The Stigma Surrounding Cannabis Sale and Use is Actually a Blessing in Disguise Fo Cannabis Entrepreneurs

Many people are concerned that the stigma surrounding cannabis as an illegal drug that is harmful to the body and could be a gateway to harder drugs is harmful to  business.  I would argue that such a stigma is a blessing in disguise.  The stigma, I believe, is not going to discourage someone who is already interested in cannabis from using cannabis.  The people that already believe the fallacy that cannabis is a gateway to harder drugs were never the kind of people that were going to use cannabis anyway.

However, for California cannabis entrepreneurs this stigma is a blessing in disguise.  Many companies that could make a large splash into the cannabis market are prevented from doing so because of the stigma.  Tobacco companies and alcohol companies would seem to be a perfect fit for entering into the California cannabis industry.  Both of these products are stigmatized as being harmful, addictive and a gateway to harder drugs.  The industries that produce these two products, alcohol and tobacco, are already familiar with a business that is controlled by significant regulation and is taxed heavily.  These organizations are also used to making products that are consumed by the customers and therefore are familiar with issues that surround selling a product that is ingested.  Therefore, the alcohol and tobacco conglomerates would be the perfect companies to move into the California cannabis recreational market.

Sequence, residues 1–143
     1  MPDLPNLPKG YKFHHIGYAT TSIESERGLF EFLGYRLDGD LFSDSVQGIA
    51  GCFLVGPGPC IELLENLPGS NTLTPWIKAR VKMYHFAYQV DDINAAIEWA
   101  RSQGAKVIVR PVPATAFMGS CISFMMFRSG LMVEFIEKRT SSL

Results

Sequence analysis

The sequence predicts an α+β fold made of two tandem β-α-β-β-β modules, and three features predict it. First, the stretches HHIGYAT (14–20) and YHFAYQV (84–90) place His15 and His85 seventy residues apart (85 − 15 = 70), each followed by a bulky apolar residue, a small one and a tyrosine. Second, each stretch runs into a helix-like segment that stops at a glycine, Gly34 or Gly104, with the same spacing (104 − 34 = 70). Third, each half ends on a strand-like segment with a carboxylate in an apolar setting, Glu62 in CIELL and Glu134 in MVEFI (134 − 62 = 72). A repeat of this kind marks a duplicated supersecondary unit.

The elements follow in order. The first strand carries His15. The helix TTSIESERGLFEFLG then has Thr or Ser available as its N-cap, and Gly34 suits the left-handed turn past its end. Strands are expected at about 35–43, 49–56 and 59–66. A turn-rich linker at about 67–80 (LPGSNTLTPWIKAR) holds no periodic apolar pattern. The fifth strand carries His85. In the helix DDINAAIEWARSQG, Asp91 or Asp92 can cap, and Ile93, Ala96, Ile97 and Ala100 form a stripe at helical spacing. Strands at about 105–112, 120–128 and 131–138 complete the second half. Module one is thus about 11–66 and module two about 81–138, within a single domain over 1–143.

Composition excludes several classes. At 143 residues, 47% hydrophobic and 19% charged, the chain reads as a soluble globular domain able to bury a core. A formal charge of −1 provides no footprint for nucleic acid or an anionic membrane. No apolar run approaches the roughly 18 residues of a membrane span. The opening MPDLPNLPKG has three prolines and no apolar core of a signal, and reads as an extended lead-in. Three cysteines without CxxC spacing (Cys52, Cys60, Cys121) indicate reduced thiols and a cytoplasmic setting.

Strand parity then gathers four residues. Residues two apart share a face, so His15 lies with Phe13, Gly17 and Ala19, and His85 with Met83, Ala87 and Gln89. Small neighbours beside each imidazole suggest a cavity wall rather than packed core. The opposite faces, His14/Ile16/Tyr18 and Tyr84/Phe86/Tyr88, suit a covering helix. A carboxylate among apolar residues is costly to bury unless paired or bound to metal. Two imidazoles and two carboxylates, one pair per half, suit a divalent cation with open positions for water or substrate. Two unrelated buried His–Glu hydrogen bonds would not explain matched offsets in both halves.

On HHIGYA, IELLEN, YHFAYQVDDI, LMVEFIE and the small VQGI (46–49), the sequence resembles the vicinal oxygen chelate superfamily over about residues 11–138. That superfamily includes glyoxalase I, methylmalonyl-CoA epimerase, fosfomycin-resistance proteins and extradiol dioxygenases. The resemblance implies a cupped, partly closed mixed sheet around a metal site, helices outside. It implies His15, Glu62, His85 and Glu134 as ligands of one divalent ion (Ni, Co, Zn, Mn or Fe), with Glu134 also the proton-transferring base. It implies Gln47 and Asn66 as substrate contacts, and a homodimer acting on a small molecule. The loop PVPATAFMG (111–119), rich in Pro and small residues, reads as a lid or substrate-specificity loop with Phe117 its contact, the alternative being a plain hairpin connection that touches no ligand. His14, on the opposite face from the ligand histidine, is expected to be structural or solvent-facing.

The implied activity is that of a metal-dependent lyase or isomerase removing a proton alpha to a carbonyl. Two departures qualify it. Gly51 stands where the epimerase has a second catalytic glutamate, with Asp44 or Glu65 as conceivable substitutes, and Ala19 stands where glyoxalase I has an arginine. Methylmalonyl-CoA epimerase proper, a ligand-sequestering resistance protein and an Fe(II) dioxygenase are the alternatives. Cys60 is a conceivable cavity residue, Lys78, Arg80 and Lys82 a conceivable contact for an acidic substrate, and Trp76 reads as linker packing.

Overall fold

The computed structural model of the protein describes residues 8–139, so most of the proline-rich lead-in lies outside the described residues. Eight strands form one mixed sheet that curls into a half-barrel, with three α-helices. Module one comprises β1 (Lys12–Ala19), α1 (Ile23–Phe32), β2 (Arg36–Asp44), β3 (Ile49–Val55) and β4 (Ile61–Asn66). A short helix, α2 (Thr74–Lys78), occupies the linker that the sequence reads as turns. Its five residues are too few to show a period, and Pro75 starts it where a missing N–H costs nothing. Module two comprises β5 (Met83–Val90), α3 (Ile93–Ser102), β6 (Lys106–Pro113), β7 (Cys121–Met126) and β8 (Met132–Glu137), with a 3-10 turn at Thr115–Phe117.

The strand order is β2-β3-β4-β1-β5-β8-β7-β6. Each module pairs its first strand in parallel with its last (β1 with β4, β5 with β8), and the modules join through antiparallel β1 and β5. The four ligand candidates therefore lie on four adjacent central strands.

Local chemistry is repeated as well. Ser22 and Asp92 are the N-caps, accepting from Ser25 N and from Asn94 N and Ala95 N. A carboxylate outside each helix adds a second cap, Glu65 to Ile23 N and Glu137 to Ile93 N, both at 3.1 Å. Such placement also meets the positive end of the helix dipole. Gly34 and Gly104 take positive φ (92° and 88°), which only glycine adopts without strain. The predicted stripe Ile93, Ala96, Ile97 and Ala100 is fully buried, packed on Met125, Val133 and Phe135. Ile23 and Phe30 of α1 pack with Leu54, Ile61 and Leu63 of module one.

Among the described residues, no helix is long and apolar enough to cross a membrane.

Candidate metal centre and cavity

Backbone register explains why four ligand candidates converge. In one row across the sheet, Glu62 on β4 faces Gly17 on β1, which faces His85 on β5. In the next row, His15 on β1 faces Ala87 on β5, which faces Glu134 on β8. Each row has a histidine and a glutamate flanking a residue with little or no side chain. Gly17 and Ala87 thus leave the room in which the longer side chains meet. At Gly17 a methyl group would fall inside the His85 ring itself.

However, these companies have enough heat on them that they don’t need to incur any more heat by getting into cannabis.  As you will notice, in general tobacco companies and alcohol companies don’t enter into each other’s markets.  I believe this is the case because they are so stigmatized by being in one of these industries that they don’t need any further stigmatization.